For anyone involved in a car accident, there are two broad ways to be classified: at-fault or not-at-fault. More often than not, it's fairly straightforward to determine who deserves which label. By the time authorities arrive and put together a police report, the at-fault party(ies) may be fully willing to own up to their actions and get written up accordingly.
Sometimes it's not so simple though. It's possible that the drivers and passengers could have dissenting views of what exactly went on with regard to the accident. Evidence could end up playing a major role in the final determinations.
If someone is putting up a serious fight against allegations of being at-fault, it's because the consequences can be pretty dire. Here's everything you need to know about what it means to be at-fault in an accident.
As mentioned above, police reports play an integral role in assigning fault for an accident. That said, they don't serve as an irrefutable ruling. It is actually the insurer who makes the official determination of fault.
Though insurers can almost always be relied upon to provide a fair and just interpretation of a situation, a client who takes issue with an insurer's ruling does have a way to contest the decision. All insurers will have some sort of internal appeals board that can handle things, or a third-party mediator could even be brought in if the situation calls for it.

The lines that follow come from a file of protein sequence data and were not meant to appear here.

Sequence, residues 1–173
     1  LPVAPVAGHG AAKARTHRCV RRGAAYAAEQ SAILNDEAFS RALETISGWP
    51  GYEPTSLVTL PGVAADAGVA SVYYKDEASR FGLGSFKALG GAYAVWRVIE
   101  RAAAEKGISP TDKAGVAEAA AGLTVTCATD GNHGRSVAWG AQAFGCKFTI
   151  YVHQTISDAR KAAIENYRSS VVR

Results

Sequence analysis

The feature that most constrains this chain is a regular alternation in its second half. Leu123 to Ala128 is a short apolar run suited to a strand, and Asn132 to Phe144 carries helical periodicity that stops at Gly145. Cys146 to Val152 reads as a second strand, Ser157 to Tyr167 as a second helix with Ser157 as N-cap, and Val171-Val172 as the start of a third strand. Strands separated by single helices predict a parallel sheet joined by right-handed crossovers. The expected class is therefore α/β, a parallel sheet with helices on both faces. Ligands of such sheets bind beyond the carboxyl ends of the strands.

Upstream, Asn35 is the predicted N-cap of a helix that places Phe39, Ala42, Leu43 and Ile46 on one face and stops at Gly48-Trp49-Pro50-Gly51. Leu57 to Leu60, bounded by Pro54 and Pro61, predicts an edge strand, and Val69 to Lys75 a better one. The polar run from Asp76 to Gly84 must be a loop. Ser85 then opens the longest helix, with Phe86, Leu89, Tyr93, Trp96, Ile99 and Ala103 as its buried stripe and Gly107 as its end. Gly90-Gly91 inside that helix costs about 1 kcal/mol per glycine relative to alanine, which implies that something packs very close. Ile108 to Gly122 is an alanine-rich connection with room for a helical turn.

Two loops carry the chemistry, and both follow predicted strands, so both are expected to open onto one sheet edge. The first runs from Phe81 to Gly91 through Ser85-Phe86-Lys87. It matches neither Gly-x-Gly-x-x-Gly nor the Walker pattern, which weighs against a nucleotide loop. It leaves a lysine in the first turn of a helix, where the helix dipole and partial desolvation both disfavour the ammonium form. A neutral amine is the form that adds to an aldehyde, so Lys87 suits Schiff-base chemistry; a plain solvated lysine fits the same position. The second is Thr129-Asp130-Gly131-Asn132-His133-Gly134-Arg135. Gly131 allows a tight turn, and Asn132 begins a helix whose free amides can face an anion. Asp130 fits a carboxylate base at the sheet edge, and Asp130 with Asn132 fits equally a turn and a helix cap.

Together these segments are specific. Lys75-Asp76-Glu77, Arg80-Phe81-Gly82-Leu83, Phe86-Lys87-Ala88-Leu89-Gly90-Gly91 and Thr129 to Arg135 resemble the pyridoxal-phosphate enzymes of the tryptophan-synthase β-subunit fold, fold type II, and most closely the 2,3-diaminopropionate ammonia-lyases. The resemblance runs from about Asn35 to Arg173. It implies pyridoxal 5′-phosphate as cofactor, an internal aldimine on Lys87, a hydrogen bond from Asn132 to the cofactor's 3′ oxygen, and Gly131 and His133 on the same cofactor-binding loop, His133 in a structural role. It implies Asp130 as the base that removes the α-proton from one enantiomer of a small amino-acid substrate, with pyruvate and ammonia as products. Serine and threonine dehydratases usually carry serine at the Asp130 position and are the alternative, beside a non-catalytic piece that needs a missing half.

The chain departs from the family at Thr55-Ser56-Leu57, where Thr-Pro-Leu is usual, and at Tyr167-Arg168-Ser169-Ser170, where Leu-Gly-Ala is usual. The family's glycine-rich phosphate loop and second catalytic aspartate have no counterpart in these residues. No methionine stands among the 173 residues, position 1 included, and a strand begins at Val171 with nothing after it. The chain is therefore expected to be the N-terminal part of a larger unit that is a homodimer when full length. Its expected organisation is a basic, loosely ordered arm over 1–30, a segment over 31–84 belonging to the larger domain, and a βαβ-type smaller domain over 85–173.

Thankfully, fault determinations aren't all-or-nothing propositions. Drivers can also be found to be partially at-fault.
When that is the case, the degree of fault is usually expressed as a percentage. If multiple drivers are at-fault, then that percentage will be split up accordingly, and each and them will pay whatever amount is proportional to their fault level (e.g. if there's an accident that results in $20,000 in damages and two drivers are both found to be 50% at fault, they would each be on the hook for $10,000).
This is why people will jump through hoops to make sure they are at-fault for as little as possible. After covering your damages when you are at-fault, insurers will proceed to raise your annual premium the moment they get the chance—i.e. the next time it's up from renewal.
At-fault accidents typically stay attached to your record for six years. So if you are found guilty of being at-fault and watch your rates get raised on you, there is a light at the end of the tunnel! It just takes a while to get there...
Since auto insurance regulations are determined at the provincial level and not the federal level, each province handles that area of the law on its own terms. When it comes to determining which insurer pays out benefits in a given accident, there is a bit of variation between the provinces.
Some use what is called a no-fault system. Under this model, a car accident victim who is not-at-fault can collect their benefits from their own insurer, rather than go through the process of getting them from the at-fault insurer. The other system is a tort-based system, wherein the fault is determined among the insurers, and everything is paid for by the one representing the at-fault party(ies). Provinces sometimes borrow elements from each system and use a hybrid one.